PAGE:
By now, it no longer matters that the new version of The Lone Ranger is a remarkably entertaining, amusing, and exhilarating romp—not to mention eye-poppingly beautiful. In contrast to every other big-ticket film of the past five years, The Lone Ranger doesn’t exhaust you by the time the final action sequence sets in. Instead, its final 20 minutes feature a chase scene in which the villains and the good guys leap back and forth across two speeding trains, and the whole shooting match is one of the damndest things I’ve ever seen.
What’s more, Armie Hammer (as the title character) and Johnny Depp (as the wise Indian sidekick Tonto) manage to pull off that rare buddy-film combination of being consistently funny and believably tough. Depp, in particular, does something entirely new and hilarious with his part: His monotone voice and calm body reflect Tonto’s stolidity and patience, but his wildly expressive eyes betray every possible emotion.
Even though it’s full of tiresome piety toward Native Americans and gibes about the injustices of capitalism, The Lone Ranger is a truly refreshing riposte to the undercharged and overdone superhero movie.
But it was all for naught. The Lone Ranger is a financial disaster of epic proportions. It cost $225 million to make, another $175 million to market, and, because of revenue-splitting with theaters, must earn $800 million worldwide for the studio to break even. It will be lucky to make half that. Fancy that: a consumer product that grosses $400 million, and is still a catastrophe. The gleeful obituaries that began to be written only hours after the movie opened on July 3 suggest The Lone Ranger may be the kind of legendary flop that ends up reshuffling the cards in Hollywood.
Numbers like these do seem to induce an automatic revulsion in all of us, a revulsion for which a moment’s reflection suggests there is really little justification. It’s not our money, after all, and if investors and stockholders don’t mind studio executives making damn-fool decisions, why should we? It’s not as though that $400 million would go to the poor; it would just be poured into a few other projects that would likely be worse than The Lone Ranger.
So why the tap-dancing on The Lone Ranger’s grave?
Some of this comes from people inside the entertainment industry who don’t want to make the kinds of movies the studios now want to make and feel as though they’ve been rendered obsolete. Lynda Obst, whose chief claim to fame is having produced Nora Ephron’s best movies, has just written a whiny book on the subject called Sleepless in Hollywood. According to Obst, Hollywood is broken because it no longer has the market in DVD sales it once had and must now rely on foreign markets for added revenue—foreign markets where fantasy and action sell and clever dialogue doesn’t. The problem with Obst’s complaint is that she seems to think it’s terrible that she wouldn’t be able to make How to Lose a Guy in 10 Days today, when that horribly witless pseudo-comedy should never have been made in the first place.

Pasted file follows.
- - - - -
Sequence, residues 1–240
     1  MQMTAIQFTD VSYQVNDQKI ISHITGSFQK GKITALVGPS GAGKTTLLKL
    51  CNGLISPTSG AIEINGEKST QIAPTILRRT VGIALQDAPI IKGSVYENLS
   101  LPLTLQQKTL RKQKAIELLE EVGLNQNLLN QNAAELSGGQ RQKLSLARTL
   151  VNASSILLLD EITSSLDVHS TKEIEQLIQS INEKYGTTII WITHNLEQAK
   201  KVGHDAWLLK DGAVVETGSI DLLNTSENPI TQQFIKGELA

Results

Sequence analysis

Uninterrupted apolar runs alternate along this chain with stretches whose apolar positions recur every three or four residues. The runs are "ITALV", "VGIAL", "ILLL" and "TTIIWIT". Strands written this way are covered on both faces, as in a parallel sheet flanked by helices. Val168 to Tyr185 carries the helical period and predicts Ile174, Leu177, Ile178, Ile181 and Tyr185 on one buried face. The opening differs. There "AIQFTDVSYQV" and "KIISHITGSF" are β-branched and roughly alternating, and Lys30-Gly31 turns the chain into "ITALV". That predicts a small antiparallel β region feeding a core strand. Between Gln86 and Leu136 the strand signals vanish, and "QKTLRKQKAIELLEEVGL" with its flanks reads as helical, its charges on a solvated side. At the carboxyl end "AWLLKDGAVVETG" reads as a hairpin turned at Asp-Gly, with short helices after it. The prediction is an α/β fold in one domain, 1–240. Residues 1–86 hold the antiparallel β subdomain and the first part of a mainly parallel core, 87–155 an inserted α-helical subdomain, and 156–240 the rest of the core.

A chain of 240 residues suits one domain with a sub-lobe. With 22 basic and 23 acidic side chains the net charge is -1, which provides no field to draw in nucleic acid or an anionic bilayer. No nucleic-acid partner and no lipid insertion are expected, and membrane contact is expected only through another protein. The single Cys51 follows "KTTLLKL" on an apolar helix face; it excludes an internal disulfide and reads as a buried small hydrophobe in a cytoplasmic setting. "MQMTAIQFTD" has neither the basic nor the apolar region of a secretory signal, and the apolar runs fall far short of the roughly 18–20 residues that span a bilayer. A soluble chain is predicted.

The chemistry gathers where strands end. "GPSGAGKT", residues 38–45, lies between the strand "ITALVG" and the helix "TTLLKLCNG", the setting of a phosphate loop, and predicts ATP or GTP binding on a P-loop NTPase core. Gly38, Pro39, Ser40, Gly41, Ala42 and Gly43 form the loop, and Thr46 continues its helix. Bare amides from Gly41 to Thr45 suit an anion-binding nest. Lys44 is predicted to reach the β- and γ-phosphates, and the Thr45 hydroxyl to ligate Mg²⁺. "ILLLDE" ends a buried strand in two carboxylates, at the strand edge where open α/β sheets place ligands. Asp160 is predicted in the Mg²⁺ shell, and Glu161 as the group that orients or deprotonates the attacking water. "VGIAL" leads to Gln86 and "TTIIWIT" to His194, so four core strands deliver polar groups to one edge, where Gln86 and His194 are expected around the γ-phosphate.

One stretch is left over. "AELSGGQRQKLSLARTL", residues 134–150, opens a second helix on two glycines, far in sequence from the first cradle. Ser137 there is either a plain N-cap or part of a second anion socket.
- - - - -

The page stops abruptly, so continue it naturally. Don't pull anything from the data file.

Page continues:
Obst and others accuse the studios of being risk-averse for avoiding mid-priced movies for adults. But in truth, studios like Disney are driven to insanely risky investments, of which The Lone Ranger is only one of two dozen this summer. If the bet pays off, as it did with Depp’s horrible Alice in Wonderland (worldwide gross:
$1.2 billion), the studio executives look like geniuses. And if it doesn’t—well, then they’re guilty only of following the same model everybody else in the industry is following.
So nothing will change, because there’s no reason for anything to change. And Obst is wrong, anyway, because there are plenty of new-fangled versions of How to Lose a Guy in 10 Days: Somewhat modestly budgeted hits like the $43 million female buddy-cop movie The Heat and the dreadful $32 million horror comedy This Is the End have both earned around $90 million already and will prove highly profitable.
What will end is the weird effort to find a pre-sold title from the ruins of pop culture. Disney has embarrassed itself not only with The Lone Ranger, best known as a radio program 80 years ago, but also with John Carter, a movie based on a series of deservedly little-known pulp novels published in the 1920s. Two years ago, another radio character, the Green Hornet—who was actually supposed to be the Lone Ranger’s nephew!—was the subject of a major failure. So, too, Battleship, which was, God help us, based on a board game.